May 16, 2022

Are Big Data Analytics a Panacea for the Healthcare Supply Chain?

  • By JOAN,
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Big Data Analytics In Healthcare Supplychain

Big data has an unmistakable and irrefutable future. Machine learning, the Internet of Things, artificial intelligence, and various other technologies are making inroads into our everyday lives.

Data analytics is the act of evaluating unstructured and structured information sets to generate real-time data that can help healthcare decision-makers and improve supply chain efficacy.

Despite growing research and interest in big data analytics, one of the primary problems for academics and practitioners is determining its importance in applying supply chain management strategies in healthcare facilities.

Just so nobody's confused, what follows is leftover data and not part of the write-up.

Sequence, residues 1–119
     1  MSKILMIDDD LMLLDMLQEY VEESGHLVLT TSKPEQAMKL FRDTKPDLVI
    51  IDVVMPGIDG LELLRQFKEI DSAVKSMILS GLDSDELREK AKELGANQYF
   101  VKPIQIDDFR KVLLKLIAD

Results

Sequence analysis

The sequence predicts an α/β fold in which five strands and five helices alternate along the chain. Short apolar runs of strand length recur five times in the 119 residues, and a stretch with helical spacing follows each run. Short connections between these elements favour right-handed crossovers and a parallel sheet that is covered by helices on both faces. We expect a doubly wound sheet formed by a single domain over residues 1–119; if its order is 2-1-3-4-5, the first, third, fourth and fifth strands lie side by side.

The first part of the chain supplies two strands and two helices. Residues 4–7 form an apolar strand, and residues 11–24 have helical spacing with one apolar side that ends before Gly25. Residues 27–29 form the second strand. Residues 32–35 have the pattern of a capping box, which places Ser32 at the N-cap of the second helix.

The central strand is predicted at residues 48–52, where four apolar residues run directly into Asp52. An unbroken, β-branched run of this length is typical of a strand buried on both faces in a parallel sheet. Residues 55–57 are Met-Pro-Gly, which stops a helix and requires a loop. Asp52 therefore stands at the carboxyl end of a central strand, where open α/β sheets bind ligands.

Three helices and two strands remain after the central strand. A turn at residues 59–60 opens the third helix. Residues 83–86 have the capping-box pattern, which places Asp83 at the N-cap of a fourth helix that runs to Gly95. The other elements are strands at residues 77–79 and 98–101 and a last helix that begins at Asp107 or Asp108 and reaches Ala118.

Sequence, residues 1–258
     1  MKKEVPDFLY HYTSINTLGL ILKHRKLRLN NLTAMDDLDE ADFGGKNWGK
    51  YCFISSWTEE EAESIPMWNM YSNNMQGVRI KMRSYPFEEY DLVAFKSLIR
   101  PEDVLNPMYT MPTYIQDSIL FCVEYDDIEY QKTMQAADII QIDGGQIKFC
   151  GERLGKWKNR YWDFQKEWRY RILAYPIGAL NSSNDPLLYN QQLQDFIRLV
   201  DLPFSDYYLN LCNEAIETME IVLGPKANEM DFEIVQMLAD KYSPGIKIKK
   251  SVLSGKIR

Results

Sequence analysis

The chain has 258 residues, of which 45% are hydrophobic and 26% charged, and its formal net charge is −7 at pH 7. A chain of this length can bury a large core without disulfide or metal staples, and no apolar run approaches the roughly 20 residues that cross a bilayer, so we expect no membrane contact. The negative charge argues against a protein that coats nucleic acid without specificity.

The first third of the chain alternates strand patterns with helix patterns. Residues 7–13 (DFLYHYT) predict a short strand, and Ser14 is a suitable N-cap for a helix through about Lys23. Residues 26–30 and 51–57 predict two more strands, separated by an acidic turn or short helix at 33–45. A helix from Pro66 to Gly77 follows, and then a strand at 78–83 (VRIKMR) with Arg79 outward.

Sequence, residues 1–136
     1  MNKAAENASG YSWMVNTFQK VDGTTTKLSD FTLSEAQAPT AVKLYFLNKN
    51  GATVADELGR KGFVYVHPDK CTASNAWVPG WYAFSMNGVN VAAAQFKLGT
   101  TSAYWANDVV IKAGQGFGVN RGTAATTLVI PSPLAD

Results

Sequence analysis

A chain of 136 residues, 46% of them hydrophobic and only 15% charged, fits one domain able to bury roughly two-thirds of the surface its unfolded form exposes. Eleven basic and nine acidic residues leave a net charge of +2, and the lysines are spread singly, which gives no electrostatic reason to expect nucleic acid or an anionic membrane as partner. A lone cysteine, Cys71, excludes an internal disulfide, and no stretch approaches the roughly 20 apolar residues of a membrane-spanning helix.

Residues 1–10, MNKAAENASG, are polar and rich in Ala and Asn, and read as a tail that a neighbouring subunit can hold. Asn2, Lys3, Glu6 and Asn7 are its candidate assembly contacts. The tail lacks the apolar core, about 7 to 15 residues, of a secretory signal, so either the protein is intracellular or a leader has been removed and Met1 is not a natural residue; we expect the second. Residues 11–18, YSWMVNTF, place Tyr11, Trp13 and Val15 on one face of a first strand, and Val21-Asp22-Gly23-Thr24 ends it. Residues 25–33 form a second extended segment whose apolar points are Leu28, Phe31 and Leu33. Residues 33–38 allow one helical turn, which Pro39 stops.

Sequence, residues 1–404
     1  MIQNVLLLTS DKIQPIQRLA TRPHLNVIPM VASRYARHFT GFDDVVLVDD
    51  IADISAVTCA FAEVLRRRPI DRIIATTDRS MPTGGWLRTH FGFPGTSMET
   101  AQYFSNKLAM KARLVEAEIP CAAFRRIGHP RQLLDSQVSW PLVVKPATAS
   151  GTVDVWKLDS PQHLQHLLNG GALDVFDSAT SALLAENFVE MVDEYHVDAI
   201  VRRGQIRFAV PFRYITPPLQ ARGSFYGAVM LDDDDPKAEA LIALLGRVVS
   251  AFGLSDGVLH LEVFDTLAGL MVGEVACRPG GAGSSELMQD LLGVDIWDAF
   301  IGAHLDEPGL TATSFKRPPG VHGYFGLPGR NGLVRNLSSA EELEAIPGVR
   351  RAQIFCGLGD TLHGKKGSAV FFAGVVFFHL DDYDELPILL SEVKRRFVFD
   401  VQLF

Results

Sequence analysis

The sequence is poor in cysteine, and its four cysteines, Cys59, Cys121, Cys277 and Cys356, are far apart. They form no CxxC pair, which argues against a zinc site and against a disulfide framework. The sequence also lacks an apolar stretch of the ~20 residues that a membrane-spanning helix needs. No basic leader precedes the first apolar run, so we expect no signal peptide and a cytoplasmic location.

What are Big Data Analytics, and How Do They Work?

Data analytics is often used to improve operational efficiency by automating operations that would otherwise be done manually.

Executives in the supply chain can concentrate on producing more excellent value in other areas of the organization, such as productivity and expansion.

Analytics solutions make it simple to make use of corporate data. The expert should be well-versed in the many forms of analytics, including predictive, descriptive, prescriptive, and diagnostic analytics.

KPI Dashboard for the Hospital Supply Chain

Almost any aspect of healthcare operations can be improved using business analytics. Equipment and Supplies, Revenue Cycle, Hospital Operations, and Patient Demographics are all included in the KPI Dashboard of the Supply Chain.

Hospitals can improve their staffing plans and identify how many nurses are needed throughout different shifts by examining variations in Emergency Department treatment.

Furthermore, the very same analytics may be used to figure out how many facilities need to be cleaned and how many maintenance workers are needed for each shift. This is relevant for the employment of resources in all areas of patient safety.